!DOCTYPE declaration. All content/structure for an HTML document should be contained between the opening and closing
<head> element contains general information about an HTML page that isn’t displayed on the page itself. This information is called metadata and includes things like the title of the HTML document and links to stylesheets.
<title> element contains a text that defines the title of an HTML document. The title is displayed in the browser’s title bar or tab in which the HTML page is displayed. The
<title> element can only be contained inside a document’s
<a> anchor element is used to create hyperlinks in an HTML document. The hyperlinks can point to other webpages, files on the same server, a location on the same page, or any other URL via the hyperlink reference attribute,
href determines the location the anchor element points to.
target attribute on an
<a> anchor element specifies where a hyperlink should be opened. A
target value of
"_blank" will tell the browser to open the hyperlink in a new tab in modern browsers, or in a new window in older browsers or if the browser has had settings changed to open hyperlinks in a new window.
URL paths in HTML can be absolute paths, like a full URL, for example:
https://developer.mozilla.org/en-US/docs/Learn or a relative file path that links to a local file in the same folder or on the same server, for example:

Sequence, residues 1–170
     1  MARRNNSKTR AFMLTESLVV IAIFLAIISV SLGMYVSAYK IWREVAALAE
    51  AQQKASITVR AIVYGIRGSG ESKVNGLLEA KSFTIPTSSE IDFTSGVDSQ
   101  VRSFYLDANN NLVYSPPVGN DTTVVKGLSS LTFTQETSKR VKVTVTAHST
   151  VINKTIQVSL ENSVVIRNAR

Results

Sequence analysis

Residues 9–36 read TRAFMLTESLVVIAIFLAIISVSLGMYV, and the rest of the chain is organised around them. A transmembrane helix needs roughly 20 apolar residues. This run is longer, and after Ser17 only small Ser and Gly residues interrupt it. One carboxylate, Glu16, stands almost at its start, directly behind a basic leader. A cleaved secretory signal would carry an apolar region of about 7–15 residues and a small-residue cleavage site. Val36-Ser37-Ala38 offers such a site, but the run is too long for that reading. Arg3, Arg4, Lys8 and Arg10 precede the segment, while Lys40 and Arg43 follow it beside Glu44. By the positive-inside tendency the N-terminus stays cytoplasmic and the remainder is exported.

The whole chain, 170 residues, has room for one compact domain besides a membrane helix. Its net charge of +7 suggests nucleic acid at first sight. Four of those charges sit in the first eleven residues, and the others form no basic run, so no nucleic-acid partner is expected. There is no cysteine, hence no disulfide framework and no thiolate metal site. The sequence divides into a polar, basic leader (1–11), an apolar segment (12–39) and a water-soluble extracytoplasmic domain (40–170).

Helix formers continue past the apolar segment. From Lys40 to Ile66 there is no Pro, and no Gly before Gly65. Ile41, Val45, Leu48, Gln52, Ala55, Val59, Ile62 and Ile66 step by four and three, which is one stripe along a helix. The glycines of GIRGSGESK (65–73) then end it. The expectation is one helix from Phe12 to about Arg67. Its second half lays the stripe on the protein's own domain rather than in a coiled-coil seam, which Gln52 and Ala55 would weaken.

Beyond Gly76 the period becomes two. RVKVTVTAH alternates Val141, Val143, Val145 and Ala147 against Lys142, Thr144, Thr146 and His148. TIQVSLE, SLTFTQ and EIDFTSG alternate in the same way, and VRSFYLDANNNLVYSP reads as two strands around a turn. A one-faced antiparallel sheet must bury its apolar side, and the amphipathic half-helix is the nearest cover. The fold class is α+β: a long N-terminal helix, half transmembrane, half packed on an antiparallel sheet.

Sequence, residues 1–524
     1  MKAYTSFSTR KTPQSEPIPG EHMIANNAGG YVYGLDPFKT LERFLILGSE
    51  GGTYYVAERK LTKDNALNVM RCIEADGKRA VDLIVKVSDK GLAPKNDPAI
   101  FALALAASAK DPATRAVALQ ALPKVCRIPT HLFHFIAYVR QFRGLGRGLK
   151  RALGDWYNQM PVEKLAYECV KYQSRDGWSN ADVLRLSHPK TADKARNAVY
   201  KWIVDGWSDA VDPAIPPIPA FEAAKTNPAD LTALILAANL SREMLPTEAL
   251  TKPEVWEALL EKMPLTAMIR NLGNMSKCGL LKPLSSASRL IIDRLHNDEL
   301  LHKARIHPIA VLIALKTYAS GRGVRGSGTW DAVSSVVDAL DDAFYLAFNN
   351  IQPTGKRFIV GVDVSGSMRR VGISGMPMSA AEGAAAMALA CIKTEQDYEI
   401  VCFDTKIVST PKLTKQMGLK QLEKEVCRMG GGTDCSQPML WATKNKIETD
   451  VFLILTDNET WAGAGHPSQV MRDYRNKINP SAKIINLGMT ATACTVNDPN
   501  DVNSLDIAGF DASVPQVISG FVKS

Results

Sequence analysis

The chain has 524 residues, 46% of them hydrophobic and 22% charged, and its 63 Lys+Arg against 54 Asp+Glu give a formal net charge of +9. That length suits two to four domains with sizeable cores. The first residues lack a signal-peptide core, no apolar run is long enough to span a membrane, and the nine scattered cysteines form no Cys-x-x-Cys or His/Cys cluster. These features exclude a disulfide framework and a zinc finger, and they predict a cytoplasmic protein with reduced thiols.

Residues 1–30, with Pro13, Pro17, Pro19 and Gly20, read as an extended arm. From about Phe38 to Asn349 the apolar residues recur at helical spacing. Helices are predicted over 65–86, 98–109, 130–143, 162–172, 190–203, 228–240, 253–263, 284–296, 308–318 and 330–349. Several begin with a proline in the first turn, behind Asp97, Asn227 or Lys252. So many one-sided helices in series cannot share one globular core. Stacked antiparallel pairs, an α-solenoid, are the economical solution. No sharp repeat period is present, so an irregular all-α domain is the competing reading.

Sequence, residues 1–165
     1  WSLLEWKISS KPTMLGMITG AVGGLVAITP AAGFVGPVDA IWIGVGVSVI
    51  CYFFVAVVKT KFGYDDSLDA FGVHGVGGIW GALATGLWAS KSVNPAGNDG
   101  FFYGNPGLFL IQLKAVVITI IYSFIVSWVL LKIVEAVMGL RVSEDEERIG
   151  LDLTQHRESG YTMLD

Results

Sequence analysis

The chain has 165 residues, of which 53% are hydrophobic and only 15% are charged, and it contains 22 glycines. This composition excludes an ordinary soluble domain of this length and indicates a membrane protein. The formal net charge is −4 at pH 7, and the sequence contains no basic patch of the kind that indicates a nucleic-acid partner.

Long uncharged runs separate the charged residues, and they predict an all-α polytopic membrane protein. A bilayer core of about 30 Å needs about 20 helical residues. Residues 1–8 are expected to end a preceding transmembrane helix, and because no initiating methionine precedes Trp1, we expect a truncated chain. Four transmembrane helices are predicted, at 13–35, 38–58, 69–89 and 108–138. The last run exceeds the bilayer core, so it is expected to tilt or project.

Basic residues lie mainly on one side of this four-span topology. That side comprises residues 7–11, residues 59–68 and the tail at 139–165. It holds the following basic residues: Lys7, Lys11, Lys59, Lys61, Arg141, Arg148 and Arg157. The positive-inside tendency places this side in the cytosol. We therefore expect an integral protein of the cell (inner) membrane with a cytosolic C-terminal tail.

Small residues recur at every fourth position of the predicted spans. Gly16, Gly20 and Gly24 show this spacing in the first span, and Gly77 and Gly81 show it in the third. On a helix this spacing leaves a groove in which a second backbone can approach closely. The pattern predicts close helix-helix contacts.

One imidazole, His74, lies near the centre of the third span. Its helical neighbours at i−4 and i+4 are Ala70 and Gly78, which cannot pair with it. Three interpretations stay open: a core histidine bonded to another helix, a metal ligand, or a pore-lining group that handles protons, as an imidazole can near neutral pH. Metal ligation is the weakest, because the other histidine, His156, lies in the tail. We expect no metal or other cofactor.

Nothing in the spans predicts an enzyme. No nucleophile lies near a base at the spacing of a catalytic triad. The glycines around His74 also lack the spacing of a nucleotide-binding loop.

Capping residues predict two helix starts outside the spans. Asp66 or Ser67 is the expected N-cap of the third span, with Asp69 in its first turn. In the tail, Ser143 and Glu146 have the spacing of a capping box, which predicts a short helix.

./style.css. Relative file paths begin with
./ followed by a path to the local file.
./ tells the browser to look for the file path from the current folder.
Link to a Different Part of the Page
The anchor element
<a> can create hyperlinks to different parts of the same HTML document using the
href attribute to point to the desired location with
# followed by the
id of the element to link to.
Whitespace, such as line breaks, added to an HTML document between block-level elements will generally be ignored by the browser and are not added to increase spacing on the rendered HTML page. Rather, whitespace is added for organization and easier reading of the HTML document itself.
HTML code should be formatted such that the indentation level of text increases once for each level of nesting.
It is a common convention to use two or four space per level of nesting.
In HTML, comments can be added between an opening
<!-- and closing
-->. Content inside of comments will not be rendered by browsers, and are usually used to describe a part of code or provide other details.
Comments can span single or multiple lines.